Millions of Greeks are voting in a crucial referendum on whether to accept the terms of an international bailout.
Polling stations opened at 07:00 local time (04:00 GMT), with the first results expected on Sunday evening.
After a frenetic week of campaigning, the two opposing sides held huge rallies in Athens on Friday.
The government has urged voters to vote “No”, but opponents warn this could see Greece ejected from the eurozone.
Greek Finance Minister Yanis Varoufakis told local media on Saturday that the EU had “no legal grounds” to throw Greece out of the euro.
On the eve of the referendum, he accused Athens’ creditors of trying to sow fear around the vote. He told Spain’s El Mundo newspaper (in Spanish): “Why did they force us to close the banks? To instil fear in people. And spreading fear is called terrorism.”
Meanwhile, German Finance Minister Wolfgang Schaeuble, one of Greece’s harshest critics, suggested that if Greece were to leave the eurozone, it might only be temporary.
“Greece is a member of the eurozone. There’s no doubt about that,” he told German newspaper Bild.
“Whether with the euro or temporarily without it: only the Greeks can answer this question. And it is clear that we will not leave the people in the lurch.”
Greece’s current bailout programme with the European Commission, International Monetary Fund (IMF) and European Central Bank (ECB) ran out on Tuesday.
Banks have been shut all week, with limits imposed on cash withdrawals.
Mr Varoufakis said that the banks in Greece would reopen on Tuesday whatever the outcome and that Greek Prime Minister Alexis Tsipras would still reach an agreement with creditors if the result was “No” in the referendum.
Ballot paper question
“Must the agreement plan submitted by the European Commission, the European Central Bank and the International Monetary Fund to the Eurogroup of 25 June, 2015, and comprised of two parts which make up their joint proposal, be accepted? The first document is titled “reforms for the completion of the current programme and beyond” and the second “Preliminary debt sustainability analysis”.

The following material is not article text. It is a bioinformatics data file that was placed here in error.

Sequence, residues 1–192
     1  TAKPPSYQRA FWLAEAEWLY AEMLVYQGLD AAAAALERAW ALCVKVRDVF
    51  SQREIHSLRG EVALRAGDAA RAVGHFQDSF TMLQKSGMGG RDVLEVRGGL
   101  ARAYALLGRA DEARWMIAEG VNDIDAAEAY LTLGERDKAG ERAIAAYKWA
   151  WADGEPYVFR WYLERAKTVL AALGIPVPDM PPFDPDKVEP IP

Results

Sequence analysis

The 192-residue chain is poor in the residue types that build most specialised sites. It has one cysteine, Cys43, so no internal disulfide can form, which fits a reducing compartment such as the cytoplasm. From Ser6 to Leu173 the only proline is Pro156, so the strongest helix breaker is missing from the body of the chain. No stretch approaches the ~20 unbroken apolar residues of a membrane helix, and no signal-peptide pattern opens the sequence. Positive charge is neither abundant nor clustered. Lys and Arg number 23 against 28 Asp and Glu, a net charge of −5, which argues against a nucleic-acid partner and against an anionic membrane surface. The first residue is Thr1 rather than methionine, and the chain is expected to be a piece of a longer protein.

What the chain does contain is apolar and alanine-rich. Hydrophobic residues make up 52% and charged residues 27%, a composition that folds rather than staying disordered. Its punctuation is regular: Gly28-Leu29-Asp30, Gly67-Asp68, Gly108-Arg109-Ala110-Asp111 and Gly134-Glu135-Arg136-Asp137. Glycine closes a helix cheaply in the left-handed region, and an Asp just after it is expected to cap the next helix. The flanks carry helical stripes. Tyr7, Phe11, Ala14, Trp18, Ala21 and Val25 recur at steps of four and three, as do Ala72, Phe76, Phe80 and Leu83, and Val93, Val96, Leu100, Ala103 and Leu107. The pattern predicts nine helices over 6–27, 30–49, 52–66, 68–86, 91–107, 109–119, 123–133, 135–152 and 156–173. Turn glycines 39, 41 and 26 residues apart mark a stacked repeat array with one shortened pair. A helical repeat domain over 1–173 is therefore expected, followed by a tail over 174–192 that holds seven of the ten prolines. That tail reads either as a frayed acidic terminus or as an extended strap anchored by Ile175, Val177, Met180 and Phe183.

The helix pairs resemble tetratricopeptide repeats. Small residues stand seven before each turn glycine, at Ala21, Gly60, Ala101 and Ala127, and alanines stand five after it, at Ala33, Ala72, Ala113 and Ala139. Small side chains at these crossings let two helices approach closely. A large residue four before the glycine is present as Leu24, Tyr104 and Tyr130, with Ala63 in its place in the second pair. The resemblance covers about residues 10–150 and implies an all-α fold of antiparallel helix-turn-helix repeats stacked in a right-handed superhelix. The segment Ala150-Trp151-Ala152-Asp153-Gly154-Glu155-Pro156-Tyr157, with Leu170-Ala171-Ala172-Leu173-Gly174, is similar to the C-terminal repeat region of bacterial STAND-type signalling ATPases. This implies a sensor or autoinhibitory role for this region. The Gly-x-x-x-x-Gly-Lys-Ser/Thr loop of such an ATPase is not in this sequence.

Voters must check one of two boxes – “not approved/no” or, below it, “approved/yes”
Electoral workers have been racing to get polling stations ready in time, with army helicopters being used instead of boats to rush ballot papers to the islands.
Nearly 10 million people are eligible to vote. Opinion polls on Friday suggested that the country was evenly split.
Several European officials have complained in strong terms about Greece’s abrupt decision to hold a referendum on the terms of a bailout offer they say is no longer on the table.
Greece’s left-wing Syriza government was elected in January on an anti-austerity platform.
The European Commission, the European Union’s executive arm – one of the “troika” of creditors along with the International Monetary Fund and the ECB – wants Athens to raise taxes and slash welfare spending to meet its debt obligations.
Lenders’ proposals: Key sticking points
- VAT (sales tax): Alexis Tsipras accepts a new three-tier system, but wants to keep 30% discount on the Greek islands’ VAT rates. Lenders want the islands’ discounts scrapped
- Pensions: Ekas top-up grant for some 200,000 poorer pensioners will be phased out by 2020 – as demanded by lenders. But Mr Tsipras says no to immediate Ekas cut for the wealthiest 20% of Ekas recipients
- Defence: Mr Tsipras says reduce ceiling for military spending by €200m in 2016 and €400m in 2017. Lenders call for €400m reduction – no mention of €200m
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